Less coverage, higher cost
Republican health care bill causes uninsured rate to spike to highest levels in a decade
Under the proposed Republican American Health Care Act, there will be more uninsured Washingtonians than before the Affordable Care Act was implemented with working families in rural communities and low-income seniors hardest hit, a new state analysis finds.
Gov. Jay Inslee and Insurance Commissioner Mike Kreidler highlighted some of the proposal’s negative impacts on Washington state in a call today with reporters.
“If you thought a simple repeal of the ACA would be bad, this proposal is actually worse. We have made huge strides in health insurance coverage in this state and we cannot go back,” Inslee said. “All communities in Washington will be impacted by huge decreases in coverage at a greater cost.”
The impact on Washington would be severe:
- 700,000 people will lose coverage (600,000 through Medicaid, up to 100,000 in the individual health insurance market)
- The uninsured rate will go up from 5.8 percent to 15 percent — higher than before the ACA and higher than projections of ACA repeal with no replacement
- To cover those losing Medicaid coverage would cost the state $1.3 billion per year by 2023 ($1.8 billion by 2028)
- A new penalty is put in place when a consumer or patient tries to purchase insurance after a break in coverage.
“The Republican plan targets the working poor to subsidize tax breaks for the wealthy,” Kreidler said. “The communities that need the most assistance will be disproportionately impacted. For seven years, the Republicans have fought to overturn the ACA. Now we see that their best idea will have tragic results for thousands of people in our state.”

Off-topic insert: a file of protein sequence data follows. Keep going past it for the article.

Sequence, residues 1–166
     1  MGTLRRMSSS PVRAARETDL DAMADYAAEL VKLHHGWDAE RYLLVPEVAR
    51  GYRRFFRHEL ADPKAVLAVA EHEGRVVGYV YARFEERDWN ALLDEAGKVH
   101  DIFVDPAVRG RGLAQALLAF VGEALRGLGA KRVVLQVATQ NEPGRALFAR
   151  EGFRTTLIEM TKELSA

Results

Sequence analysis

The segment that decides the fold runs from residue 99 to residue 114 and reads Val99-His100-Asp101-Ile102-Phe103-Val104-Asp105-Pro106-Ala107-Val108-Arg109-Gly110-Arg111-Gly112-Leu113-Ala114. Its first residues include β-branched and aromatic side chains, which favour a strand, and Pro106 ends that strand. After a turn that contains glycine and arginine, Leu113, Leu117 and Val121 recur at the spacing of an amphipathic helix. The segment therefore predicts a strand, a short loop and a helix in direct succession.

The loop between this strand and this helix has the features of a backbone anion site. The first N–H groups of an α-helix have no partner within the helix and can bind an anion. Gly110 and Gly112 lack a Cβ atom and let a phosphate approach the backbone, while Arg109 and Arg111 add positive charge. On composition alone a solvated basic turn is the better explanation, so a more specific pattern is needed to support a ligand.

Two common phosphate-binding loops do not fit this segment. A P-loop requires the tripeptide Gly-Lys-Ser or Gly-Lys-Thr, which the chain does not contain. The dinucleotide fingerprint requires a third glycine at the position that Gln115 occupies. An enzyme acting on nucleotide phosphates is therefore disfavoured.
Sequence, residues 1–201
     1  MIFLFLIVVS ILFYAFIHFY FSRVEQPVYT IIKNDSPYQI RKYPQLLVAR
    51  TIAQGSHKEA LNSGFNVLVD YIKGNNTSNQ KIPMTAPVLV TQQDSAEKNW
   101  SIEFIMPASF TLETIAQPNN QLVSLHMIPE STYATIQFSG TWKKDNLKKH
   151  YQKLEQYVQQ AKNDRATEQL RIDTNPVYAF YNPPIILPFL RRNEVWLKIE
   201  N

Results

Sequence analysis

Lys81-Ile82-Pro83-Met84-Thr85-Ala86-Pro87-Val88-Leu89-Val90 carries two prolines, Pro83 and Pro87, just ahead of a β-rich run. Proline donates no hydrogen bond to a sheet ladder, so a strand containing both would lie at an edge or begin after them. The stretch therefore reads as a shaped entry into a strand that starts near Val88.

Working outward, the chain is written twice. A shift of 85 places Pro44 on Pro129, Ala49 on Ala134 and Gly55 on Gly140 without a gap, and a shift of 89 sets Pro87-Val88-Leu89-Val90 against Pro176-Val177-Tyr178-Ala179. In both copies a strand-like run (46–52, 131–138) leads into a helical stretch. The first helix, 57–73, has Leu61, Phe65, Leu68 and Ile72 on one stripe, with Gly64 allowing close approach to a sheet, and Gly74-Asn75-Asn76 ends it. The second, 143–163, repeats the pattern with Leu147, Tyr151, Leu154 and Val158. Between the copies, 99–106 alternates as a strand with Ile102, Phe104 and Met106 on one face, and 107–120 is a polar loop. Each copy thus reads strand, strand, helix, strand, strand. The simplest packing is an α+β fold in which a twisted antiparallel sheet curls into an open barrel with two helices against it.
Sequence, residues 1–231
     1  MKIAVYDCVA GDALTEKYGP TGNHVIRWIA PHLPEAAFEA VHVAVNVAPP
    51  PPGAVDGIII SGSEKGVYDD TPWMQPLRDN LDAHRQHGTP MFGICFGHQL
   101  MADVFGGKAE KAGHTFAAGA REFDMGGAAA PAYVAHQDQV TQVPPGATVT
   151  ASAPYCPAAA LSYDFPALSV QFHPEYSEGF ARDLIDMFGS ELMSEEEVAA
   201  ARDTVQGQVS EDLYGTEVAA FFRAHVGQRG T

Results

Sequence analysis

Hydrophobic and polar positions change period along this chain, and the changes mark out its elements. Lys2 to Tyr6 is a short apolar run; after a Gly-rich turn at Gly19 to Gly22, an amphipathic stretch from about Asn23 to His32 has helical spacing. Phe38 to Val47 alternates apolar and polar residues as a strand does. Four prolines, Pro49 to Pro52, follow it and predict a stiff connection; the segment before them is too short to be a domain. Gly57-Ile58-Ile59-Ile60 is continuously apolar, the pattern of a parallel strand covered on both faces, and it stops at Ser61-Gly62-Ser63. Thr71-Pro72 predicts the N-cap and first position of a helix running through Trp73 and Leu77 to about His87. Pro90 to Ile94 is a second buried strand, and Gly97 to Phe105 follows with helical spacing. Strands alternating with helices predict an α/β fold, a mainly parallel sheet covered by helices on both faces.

Earlier this week, the Congressional Budget Office scored the proposal and reported that it would result in 24 million people becoming uninsured under this plan. Inslee says the only people who will benefit from the AHCA are the wealthiest Americans getting a proposed tax cut.
“The only ones to benefit from this scheme are wealthy Americans who get a massive tax cut paid for by eliminating health care for 24 million hard-working Americans,” Inslee said. “For the rest of us, we get less care at more cost.”
The Office of the Insurance Commissioner has produced a series of charts that detail the full impact to Washington state.
Washington state was among the most successful in implementing the ACA and reducing uninsured rates. As a result:
- 790,000 people gained coverage through the Health Benefit Exchange
- The state has a record low uninsured rate, dropping from 14 percent to 5.8 percent (third steepest reduction in the country)
- Uncompensated care costs have been cut
- 51,000 jobs have been created
- 20,000 cancer survivors received treatment
- 30,000 people received substance use treatment
- 24,000 veterans and spouses of veterans covered, cutting the uninsured rate among veterans by more than half
Inslee has met patients all across the state who have benefited from the ACA, and many others are sharing their stories about what the ACA has meant for them and their families.
- Veronica, who unable to find health coverage due to a pre-existing condition (cancer) before the ACA.
- Caleb, who got covered on Medicaid through the ACA and then moved on to a qualified health plan.
- Becky and Todd, self-employed farmers from St. John. Becky has multiple sclerosis and the couple was paying $2,400 per month due to her pre-existing condition before enrolling in a qualified health plan.
- Don, a minister who didn’t have health insurance when he was diagnosed with brain tumors. He was able to enroll in Medicaid.
More stories and information on the benefits of the ACA in Washington can be found at 1in4wa.com.